Computer Database of UI Compromised
The University of Iowa has reported a hacking attempt on the Social Security numbers of many students - existing and applicants, and faculty members. A member of the staff at the Molecular and Cellular Biology program discovered the computer hack on May 19, 2007. The Web database software, which stored the Social Security numbers of faculty members, current and prospective students, was compromised.
The breach at the University of Iowa affected approximately 1,000 students and applicants to the Molecular and Cellular Biology graduate program of the school. It also affected 100 members of the faculty who would impart the training course.
UI Associate Provost and Dean of the Graduate College, John Keller said in a statement that the college was deeply concerned about the incident. While apologizing for it, Keller assured the faculty, all students - current and prospective that college authorities were working fast to set the problem right. The appropriate UI and law enforcement officials were aware of the breach and the college officials were assessing the system to adopt additional protection for the websites. The college was confident of having identified the problem and was notifying all the affected persons, so that they could take precautionary actions. Media News Wire published Keller's statement on June 6, 2007.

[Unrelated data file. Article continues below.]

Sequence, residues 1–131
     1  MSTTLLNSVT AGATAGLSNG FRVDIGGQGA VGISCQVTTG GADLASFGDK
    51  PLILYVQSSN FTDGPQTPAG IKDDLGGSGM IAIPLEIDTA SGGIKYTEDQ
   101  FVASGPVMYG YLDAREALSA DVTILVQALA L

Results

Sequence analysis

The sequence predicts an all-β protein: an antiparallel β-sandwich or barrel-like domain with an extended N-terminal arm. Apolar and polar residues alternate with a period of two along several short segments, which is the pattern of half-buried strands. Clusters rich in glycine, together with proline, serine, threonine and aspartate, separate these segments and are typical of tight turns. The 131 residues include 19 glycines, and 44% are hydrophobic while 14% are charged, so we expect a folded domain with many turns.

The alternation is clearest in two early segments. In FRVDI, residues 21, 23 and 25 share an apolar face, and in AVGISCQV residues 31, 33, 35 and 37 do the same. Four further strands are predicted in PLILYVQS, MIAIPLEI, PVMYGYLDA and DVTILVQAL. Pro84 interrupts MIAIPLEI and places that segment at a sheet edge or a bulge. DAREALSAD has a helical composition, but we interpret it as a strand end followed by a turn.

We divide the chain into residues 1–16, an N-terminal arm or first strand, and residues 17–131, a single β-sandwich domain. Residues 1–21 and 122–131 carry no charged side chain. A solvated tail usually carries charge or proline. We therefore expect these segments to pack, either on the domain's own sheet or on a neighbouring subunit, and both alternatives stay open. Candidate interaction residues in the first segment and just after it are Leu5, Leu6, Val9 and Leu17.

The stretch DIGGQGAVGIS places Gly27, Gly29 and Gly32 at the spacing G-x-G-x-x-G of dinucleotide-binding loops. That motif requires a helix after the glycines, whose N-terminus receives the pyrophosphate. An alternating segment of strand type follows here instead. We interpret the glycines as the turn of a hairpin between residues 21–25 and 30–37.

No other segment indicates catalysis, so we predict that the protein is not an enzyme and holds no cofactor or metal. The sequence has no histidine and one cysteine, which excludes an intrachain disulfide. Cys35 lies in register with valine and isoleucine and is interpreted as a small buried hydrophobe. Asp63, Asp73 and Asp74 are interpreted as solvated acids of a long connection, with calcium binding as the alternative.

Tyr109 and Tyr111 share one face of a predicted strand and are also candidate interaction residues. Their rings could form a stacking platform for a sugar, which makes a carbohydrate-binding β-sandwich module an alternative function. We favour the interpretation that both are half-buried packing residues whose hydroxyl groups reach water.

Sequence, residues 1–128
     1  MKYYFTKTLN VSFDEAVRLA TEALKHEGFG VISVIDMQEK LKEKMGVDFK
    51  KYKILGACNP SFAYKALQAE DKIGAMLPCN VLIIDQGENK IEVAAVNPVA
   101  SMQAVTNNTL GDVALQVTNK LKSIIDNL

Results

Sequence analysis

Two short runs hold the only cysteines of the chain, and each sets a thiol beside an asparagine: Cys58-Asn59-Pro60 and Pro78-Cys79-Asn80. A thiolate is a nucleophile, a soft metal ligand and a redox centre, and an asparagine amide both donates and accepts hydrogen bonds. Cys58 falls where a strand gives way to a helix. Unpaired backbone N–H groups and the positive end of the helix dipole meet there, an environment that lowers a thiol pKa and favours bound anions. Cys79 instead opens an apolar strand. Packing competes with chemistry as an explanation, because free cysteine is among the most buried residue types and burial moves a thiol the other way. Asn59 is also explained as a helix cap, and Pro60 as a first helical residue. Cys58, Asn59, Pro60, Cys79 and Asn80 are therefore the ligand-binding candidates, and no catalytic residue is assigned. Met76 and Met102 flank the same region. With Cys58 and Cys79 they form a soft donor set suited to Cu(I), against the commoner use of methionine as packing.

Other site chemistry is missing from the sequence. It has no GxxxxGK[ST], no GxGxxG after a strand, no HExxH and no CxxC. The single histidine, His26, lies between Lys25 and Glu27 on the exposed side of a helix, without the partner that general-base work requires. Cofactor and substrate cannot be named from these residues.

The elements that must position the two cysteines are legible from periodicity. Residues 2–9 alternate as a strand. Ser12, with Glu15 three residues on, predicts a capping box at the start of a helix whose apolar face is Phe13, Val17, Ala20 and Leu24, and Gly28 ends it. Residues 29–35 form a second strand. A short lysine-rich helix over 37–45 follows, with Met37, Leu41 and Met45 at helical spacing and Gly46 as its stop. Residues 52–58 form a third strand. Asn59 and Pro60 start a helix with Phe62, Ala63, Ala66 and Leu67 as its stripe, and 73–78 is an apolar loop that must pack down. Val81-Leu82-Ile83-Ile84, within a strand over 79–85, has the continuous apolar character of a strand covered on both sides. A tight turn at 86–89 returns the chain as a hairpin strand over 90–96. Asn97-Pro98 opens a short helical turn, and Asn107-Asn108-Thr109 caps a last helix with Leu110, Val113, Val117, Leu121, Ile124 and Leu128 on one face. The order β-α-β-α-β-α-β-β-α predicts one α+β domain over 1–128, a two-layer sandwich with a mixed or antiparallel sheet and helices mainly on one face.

Although UI officials have found no evidence of the misuse of personal information on the hacked Web site, they are advising faculty and students to guard their identities by issuing fraud alerts with the three main credit bureaus - Equifax, Experian and Trans Union. Instructions on how to place the alerts, as well as other information on security are available on http://www.ftc.gov/idtheft.
The University has also set up a special website to provide affected people with information and advice, which is accessible at http://www.grad.uiowa.edu/news/incident.htm.
The college has identified the individuals affected by the computer breach and is informing them so they can take protective steps. University officials have asked faculty members and pupils to protect personal identifiable information by placing no-cost alerts with three most important credit bureaus. The University was also evaluating the systems to determine methods to improve Web sites' protection.
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» SPAMfighter News - 6/27/2007
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